For a complete introduction and to get to know each Quirkle, work your way across the main menu bar above. Have fun exploring, and please contact us with any questions you may have!
But that's not all. Check out the introductory video that explains why we created the Quirkles, or take a look at the sample book Gilbert Gas below.
Whether you live in the cold North or the sunny South, you can still make a little snow if it doesn’t fall naturally this winter. Snowflakes are crystalline water ice, formed when super cooled cloud droplets hit freezing temperatures. Molecules from the droplets join together by chance to create a random arrangement around a nucleus. A snowflakes shape is determined by environment, including temperature and humidity, at the time the snowflake forms.
Here's an activity idea that lets you make real snowflakes. This definitely takes adult supervision! Bring a pot of water to a rapid boil. Hold a clear jar over the boiling water, open end facing down, until the jar fills with steam. Caution! Use tongs or oven mitts to hold the jar as the steam can cause burns. Quickly cap the jar and place it in the freezer. Collect steam for no more than 30 seconds. If the jar gets too hot, the temperature change could crack the jar. Check the jar every ten minutes and record your observations.
A common misbelief is that no two snowflakes are ever alike, with random patterns forming in a manner that is virtually impossible to replicate. Although unlikely, there is no scientific fact that proves snowflakes cannot be identical. In fact, it can be argued that snowflakes formed in the same conditions and within close proximity, may in fact take on identical characteristics.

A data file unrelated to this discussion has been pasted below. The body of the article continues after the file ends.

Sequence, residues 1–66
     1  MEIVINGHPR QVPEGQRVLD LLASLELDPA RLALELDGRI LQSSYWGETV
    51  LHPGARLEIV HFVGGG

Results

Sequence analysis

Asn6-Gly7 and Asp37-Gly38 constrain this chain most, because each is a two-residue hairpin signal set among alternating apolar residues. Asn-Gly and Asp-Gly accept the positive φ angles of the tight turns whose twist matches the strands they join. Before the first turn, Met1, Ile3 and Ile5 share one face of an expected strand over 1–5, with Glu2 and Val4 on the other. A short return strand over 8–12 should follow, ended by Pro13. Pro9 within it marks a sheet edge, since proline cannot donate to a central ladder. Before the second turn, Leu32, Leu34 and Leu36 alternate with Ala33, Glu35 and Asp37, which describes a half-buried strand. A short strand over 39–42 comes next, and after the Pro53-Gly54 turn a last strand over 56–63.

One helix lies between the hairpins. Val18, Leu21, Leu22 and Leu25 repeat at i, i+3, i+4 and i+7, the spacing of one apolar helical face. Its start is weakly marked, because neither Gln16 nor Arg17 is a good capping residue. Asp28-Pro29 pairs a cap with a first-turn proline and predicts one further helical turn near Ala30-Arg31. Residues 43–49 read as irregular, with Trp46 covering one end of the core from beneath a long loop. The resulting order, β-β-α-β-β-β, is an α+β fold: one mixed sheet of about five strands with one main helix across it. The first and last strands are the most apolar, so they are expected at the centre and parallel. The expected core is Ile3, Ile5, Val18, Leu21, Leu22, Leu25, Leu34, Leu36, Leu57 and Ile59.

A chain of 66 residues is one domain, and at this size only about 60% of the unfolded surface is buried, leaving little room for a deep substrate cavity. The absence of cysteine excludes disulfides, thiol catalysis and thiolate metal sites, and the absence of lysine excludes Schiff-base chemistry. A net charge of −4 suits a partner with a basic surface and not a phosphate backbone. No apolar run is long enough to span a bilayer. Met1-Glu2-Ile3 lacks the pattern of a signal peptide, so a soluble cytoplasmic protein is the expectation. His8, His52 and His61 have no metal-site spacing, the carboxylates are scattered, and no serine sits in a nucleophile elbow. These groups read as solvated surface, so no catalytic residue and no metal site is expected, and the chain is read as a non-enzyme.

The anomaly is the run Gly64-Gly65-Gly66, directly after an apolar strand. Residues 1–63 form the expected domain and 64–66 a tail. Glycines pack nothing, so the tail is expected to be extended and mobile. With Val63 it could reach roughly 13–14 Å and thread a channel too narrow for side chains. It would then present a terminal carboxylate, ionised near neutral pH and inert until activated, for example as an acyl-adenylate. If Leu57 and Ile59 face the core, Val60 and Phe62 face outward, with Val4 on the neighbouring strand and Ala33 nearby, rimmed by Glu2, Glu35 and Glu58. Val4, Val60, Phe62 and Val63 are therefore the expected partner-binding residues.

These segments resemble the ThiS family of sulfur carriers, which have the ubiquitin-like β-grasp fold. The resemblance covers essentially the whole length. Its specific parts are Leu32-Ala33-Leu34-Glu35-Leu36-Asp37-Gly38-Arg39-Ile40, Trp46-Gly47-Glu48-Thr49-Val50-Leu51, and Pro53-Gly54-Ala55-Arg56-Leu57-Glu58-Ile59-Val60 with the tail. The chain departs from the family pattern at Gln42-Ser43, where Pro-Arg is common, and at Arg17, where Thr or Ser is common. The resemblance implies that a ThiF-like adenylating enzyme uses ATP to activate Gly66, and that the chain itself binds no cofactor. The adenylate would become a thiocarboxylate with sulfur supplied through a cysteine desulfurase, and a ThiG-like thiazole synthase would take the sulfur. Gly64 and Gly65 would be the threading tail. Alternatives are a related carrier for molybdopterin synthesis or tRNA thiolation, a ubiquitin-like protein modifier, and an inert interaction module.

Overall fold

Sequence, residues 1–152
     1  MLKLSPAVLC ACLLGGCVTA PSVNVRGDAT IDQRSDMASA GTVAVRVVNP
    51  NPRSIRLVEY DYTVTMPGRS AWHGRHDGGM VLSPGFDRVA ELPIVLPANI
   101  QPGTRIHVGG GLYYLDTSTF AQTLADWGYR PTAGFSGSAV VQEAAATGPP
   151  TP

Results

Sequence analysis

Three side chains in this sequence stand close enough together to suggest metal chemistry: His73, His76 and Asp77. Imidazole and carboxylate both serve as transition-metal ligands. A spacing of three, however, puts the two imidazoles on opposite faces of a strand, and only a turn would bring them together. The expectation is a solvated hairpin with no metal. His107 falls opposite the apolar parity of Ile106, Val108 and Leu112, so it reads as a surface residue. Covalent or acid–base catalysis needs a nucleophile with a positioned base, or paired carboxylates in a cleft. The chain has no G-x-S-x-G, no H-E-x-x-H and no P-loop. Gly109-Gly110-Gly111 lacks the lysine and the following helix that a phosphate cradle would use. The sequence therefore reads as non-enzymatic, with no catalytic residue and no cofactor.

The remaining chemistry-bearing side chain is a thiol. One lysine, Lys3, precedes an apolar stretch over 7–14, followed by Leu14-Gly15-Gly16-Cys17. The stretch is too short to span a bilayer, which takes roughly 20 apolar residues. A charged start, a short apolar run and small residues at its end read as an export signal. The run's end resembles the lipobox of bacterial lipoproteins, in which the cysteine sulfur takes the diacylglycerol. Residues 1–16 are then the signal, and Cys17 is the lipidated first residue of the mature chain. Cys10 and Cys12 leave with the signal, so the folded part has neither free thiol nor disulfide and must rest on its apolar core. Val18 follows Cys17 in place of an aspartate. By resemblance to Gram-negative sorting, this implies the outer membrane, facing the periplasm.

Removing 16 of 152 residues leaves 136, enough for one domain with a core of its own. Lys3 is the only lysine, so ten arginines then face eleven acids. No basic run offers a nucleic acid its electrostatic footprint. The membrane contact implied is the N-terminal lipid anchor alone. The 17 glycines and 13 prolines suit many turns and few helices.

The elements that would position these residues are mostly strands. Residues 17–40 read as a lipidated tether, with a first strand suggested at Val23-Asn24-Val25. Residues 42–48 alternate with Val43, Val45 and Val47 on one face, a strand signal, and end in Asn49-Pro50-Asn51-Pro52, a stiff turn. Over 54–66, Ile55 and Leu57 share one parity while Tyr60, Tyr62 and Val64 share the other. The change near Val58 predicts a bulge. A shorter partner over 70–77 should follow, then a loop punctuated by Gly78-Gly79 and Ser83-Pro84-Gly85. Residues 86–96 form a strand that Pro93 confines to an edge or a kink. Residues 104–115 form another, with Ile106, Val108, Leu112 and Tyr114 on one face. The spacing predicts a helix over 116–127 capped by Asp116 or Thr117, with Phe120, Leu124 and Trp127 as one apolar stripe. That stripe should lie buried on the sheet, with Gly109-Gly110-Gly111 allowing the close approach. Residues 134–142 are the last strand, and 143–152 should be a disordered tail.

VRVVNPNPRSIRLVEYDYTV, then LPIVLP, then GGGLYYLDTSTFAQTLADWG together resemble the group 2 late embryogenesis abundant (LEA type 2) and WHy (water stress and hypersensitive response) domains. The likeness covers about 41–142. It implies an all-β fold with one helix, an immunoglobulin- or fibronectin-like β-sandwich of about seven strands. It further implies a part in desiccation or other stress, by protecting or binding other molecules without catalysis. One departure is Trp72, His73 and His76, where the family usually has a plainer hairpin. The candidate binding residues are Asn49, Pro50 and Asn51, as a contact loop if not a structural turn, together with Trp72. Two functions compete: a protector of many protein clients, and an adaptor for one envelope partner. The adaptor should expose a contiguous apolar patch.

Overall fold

To learn more about crystals and to make Epsom salt “snow,” do the activity in the Quirkles book Ronnie Rock entitled “Ronnie’s Rock Crystals.” Also watch our video that integrates three Quirkles books--Colorful Caroline, Kitchen Chemistry Kal, and Zany Science Zeke in fun snow activities. With all these ideas, you'll never be bored on a snowy day!
Bright, twinkling lights and holiday festivities make this month seem magical—almost electrifying. It only seems appropriate to feature the Quirkles’ Ellie Electricity and the concept of electricity and how it plays into the season.
If you celebrate Christmas, you know the beautifully lit Christmas tree in a big part of the holiday tradition. But do you know how electrical tree lights came to be? It might not be surprising that Thomas Edison, one of the most prolific inventors/scientists in recent history, had something to do with it. He created the very first strand of electric lights and during the Christmas season of 1880; these strands were strung around the outside of his Menlo Park Laboratory. Railroad passengers traveling by the laboratory got their first look at an electrical light display. But it would take almost forty years for electric Christmas lights to become the tradition that we are familiar with.